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Fanfare Magazine: 14:4 (04-04/1991)
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Harmonia Mundi
HMG501887/88



Code-barres / Barcode : 3149020188712

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Reviewer: David Johnson
 

N.B. :The initial version issued by Harmonia Mundi in 1990 was only 78:56 minutes long. The HM Gold version released in 2012 brings us in its entirety the original production. It now runs for 1h30.
This review is based on the 1990 recording.


I discussed at some length the musical contributions that Lully made to Molière's comedies when I reviewed Marc Minkowski's splendid selection of excerpts from seven of these comedies in Fanfare 11:6 (the disc is Erato ECD 75361). In a later Fanfare review (it hasn't yet appeared as of this writing, so I can't give you volume and number), I lambasted a reissue on Deutsche Harmonia Mundi of a 1973 recording, almost complete, of the Lully/Molière Bourgeois gentilhomme, with Gustav Leonhardt leading La Petite Bande in a dry-as-dust performance.

The French branch of Harmonia Mundi now makes full amends in a captivating reading of the music that Marc-Antoine Charpentier contributed to Molière's last play, Le Malade imaginaire. Molière died of a brain hemorrhage while acting the role of the hypochondriac Argan during the initial run of this play in 1673, and that put an end to his collaboration with young Charpentier. A brilliant instinct for talent had led Molière to choose Charpentier as Lully's replacement when Lully decided he wanted a larger share of the pie and began to write full-blown operas under the patronage of Louis XIV. Charpentier, recently returned from studying with Carissimi in Italy and as yet unknown save for some church works, was not the obvious second choice he would seem to us to be, but Molière (musical himself and the son of a musician mother) spotted Charpentier's genius, tried him out in some patchwork for revivals of La Comtesse d' Escarbgnas and Le Manage forcé in 1672, and then collaborated with him fully in Le Malade imaginaire, which was to prove the last of his comedy-ballets (he preferred to call them comédies meslées de musique et de danses— comedies mixed with music and dances). Molière's sudden death was a double tragedy—the loss to France of its greatest comic genius and of one of its potentially greatest opera composers. Charpentier went on to live a long life, but Lully (rhymes with bully) saw to it that he never got another chance on the professional stage of Paris until Lully himself died and his royal patent of exclusivity lapsed. Only then was Charpentier able to compose his one and only full-dress opera, Médée. Lully's jealousy extended over to Charpentier's one collaboration with Molière: he persuaded the king to restrict the number of singers and instrumentalists that could be used in dramatic productions except at the Opéra, where he held exclusive rights, making it necessary for Charpentier to revise and miniaturize his score for Le Malade imaginaire for several subsequent revivals. On the title page of the last of these revivals, in 1685, Charpentier wrote, with obvious exasperation, “Le Malade imaginaire rajusté autrement pour la troisième fois“—“Le Malade imaginaire readjusted in another way for the third time.“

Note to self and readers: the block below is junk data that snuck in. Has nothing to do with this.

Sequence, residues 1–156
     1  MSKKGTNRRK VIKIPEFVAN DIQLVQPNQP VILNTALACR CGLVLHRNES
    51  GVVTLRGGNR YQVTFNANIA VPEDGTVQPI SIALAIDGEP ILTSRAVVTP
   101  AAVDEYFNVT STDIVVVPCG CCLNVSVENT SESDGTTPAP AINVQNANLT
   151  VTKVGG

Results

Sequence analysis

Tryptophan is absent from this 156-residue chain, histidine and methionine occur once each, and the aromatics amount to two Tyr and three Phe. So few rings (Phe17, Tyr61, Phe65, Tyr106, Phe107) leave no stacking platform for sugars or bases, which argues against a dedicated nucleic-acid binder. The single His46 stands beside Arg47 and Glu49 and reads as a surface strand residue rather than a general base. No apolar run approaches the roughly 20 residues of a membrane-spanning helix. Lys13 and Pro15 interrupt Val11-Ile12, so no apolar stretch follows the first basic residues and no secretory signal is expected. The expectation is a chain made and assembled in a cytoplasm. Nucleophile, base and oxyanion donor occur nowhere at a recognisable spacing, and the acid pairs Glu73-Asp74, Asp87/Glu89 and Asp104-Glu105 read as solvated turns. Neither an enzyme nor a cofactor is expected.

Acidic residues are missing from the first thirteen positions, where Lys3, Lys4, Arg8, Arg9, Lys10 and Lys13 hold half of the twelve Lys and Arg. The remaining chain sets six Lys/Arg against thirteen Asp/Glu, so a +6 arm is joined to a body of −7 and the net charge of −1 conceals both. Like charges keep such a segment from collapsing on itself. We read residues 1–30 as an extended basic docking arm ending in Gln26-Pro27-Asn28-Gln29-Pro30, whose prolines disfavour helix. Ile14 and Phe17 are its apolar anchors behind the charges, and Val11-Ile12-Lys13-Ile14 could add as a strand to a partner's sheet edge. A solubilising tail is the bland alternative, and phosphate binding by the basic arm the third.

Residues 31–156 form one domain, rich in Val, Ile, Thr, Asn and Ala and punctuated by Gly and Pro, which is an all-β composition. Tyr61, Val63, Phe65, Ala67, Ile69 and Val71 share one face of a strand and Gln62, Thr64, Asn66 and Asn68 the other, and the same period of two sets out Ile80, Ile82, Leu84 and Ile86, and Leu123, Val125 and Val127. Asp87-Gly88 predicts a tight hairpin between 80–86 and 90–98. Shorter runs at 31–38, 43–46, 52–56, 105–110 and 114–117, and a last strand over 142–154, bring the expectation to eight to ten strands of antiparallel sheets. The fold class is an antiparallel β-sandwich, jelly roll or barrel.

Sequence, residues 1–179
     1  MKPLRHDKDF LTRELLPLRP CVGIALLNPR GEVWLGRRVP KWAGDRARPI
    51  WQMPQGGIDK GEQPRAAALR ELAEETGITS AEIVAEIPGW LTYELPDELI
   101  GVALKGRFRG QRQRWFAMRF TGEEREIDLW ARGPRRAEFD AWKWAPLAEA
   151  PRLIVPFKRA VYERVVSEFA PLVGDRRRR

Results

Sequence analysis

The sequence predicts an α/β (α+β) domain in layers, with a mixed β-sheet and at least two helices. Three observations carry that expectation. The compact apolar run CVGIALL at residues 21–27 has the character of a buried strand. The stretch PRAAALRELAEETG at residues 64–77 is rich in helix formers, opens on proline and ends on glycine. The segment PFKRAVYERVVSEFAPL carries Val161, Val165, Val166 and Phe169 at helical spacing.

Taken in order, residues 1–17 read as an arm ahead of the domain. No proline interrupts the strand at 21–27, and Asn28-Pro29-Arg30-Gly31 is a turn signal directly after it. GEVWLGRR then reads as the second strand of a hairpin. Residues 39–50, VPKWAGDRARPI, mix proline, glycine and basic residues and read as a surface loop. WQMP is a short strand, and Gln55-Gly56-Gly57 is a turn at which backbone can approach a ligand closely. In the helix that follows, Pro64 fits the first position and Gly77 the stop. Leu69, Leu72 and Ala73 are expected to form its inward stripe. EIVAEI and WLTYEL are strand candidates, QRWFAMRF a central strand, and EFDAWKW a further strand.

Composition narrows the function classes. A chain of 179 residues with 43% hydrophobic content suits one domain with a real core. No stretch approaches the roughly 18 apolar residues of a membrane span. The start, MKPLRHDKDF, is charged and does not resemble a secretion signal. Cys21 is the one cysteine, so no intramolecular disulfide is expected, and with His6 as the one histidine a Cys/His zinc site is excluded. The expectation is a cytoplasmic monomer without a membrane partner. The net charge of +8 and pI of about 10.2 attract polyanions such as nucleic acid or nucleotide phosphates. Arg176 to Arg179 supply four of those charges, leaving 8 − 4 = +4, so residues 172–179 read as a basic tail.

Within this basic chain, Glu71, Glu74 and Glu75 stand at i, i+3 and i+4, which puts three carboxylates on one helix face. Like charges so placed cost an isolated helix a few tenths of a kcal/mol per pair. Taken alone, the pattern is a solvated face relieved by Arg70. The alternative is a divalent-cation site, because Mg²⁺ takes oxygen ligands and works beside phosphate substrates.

The version that William Christie and his Arts Florissants performed in April 1990 at the Châtelet Theatre in Paris and then took into the studio to record, is the complete 1673 version of Charpentier's music, with portions of Molière's play as needed in order to make sense of the music. In a footnote at the end of the libretto, Harmonia Mundi informs us that in order to contain the work on a single compact disc it was necessary to cut some of the repeats in the ballet music and to omit the “Dernière et Grande Entrée de Ballet“ completely. These cuts, amounting to about eight minutes of music, were not made in the cassette format (HMC 401336; total timing 87:16), which will be preferred by those who want every last note of Charpentier's score. It is a very substantial score and would make for a very long evening in the theater if given with the uncut Molière comedy. Charpentier provided an elaborate prolog celebrating, in the usual sycophantic style of the age, the heroic achievements of Louis XIV and designed for a court performance that never took place; a “pseudo-operatic scene“ (to quote the note-writer, H. Wiley Hitchcock) for act II; intermèdes (interludes) after acts I and II; and the closing Cérémonie des Médecins which mixes spoken and choral passages in hilarious fashion, all done in pidgin-Latin.